Moving just tad more quickly than those ducks were the RunGazelle folks nearing the end of their group run; about an hour earlier I had passed them up near that apple orchard, so I figure they were running about 1.5-2 hours. At this point I was three hours along but just as close to finishing as they were.

After taking that photo I ran less than five minutes before meeting Amanda, who was out for a long walk of her own. We walked the North Country Trail back to where she’d parked the car and headed home. Check out her blog, too, for some photos she took on her trek.

Where do you usually run? In town, near your home? That’s true for me – I walk out the front door with running shoes on and most of my runs don’t go far enough to take me into the countryside, but today’s 16 miler gave me the opportunity to bring the camera and see some new sights. Next time you’re up for a long run, I suggest you head “outward”, away from town, even if you have to drive a bit to get closer to the countryside. And don’t forget your pocket camera!

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#6 – Photographing New Trails

10 April 2007

Yesterday I explored a new trail but forgot the camera. Today I went back to the Bradford Dickinson White Nature Preserve with both a camera and my wife Amanda. If you ever need a good reason to run a scenic trail, here’s two: 1) bring a camera, 2) bring your wife. 🙂

First we ran an out-and-back so that Amanda could experience the trail while on the move, then we walked around and took some photos. The sun was out today, giving us much better light than yesterday’s overcast with snow. Amanda took all the pictures – you can see the more artistic ones on her blog. Here I’ve posted a few photos to give you a glimpse of that little trail I’ve been talking about!


Log hopping as soon as you leave the parking lot.


Crossing a stream via a wooden bridge.


Looking down at the bridge after climbing a hill.


Rubbing shoulders with trees of all ages.

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#5 – Discover New Trails

9 April 2007

Sometimes a sour turn of events can result in something unexpectedly sweet. Today I was forced to miss my group run during lunch at work due to an “important” teleconference with our customer at which we concluded that the issue that required my presence was in fact a non-issue.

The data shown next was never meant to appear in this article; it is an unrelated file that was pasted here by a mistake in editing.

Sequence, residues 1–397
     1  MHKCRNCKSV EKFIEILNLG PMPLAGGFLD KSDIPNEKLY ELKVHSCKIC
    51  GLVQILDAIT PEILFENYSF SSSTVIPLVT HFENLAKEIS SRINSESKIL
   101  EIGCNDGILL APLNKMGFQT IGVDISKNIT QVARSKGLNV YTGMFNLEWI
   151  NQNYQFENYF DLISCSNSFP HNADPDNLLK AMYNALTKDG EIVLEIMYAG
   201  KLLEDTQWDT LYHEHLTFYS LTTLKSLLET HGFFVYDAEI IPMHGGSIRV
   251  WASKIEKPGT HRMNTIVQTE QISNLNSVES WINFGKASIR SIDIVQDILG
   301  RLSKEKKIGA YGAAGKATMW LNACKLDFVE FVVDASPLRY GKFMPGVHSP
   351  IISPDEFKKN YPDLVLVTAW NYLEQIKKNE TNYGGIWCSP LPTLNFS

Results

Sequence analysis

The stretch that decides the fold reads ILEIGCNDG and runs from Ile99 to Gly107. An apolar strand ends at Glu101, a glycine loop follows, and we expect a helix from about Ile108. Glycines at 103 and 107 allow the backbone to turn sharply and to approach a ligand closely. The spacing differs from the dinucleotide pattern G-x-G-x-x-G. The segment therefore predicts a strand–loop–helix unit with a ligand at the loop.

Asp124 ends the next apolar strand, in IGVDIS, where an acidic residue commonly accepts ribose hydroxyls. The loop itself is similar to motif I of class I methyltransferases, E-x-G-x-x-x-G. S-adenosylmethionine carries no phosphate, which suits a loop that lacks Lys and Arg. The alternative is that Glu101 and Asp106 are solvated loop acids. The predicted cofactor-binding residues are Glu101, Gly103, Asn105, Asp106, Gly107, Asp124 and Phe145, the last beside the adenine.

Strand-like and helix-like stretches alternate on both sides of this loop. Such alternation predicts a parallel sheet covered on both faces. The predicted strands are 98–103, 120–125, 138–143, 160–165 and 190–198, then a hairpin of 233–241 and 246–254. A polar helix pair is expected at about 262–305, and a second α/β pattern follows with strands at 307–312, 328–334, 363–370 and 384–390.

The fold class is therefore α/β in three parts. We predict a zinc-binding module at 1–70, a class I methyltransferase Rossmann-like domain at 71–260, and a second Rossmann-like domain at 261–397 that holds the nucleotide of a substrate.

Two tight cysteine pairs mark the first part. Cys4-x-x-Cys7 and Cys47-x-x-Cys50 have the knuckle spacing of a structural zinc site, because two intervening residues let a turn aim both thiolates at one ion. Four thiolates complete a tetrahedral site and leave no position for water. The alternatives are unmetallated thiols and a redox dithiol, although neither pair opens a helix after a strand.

While waiting for that meeting to start I was surfing the local North Country Trail website (when I ran the NCT yesterday I noticed some new signposts with updated maps and I was searching for those maps). As can happen with the web I stumbled upon the Land Conservancy of West Michigan and discovered that they have preserved some land just a few miles from my house! I decided to leave work a bit early and explore its trails.

The Bradford Dickinson White Nature Preserve is a 45-acre patch of wooded lowland with a marked trail and a parking lot big enough for just four cars. Based on the preserve’s size I figured the trail wouldn’t be very long but it sure beats running alone on the sidewalks!

I set off at a medium pace and immediately had to start hurdling logs across the trail – nothing difficult to clear and in fact it made the run much more fun. While lifting my feet I also had to be mindful of my head, frequently ducking low-hanging branches. Along with these enjoyable obstacles the trail surface was in great condition – soft, leaf-covered ground with many slopes, twists and turns. Some of the turns were so sharp and narrow that I rubbed shoulders with a few trees!

Impressively this trail is roughly half a mile long, resulting in a quick and exciting one-mile round trip that covers a lot of features in its short span. Trees ranged from 50-foot red pines down to whip-like saplings of birch and maple. The trail crosses a sandy stream at the beginning, climbs a good sized hill then descends to follow the stream before gradually ending near a major road.

To get my miles in I ran the trail once, then ran and out-and-back along a nearby dirt road (where ironically, I passed a crew cutting down some trees), then ran the trail one last time. Fittingly during my final trip along the trail it began to snow! Yes, it’s April but it’s still snowing here in west Michigan.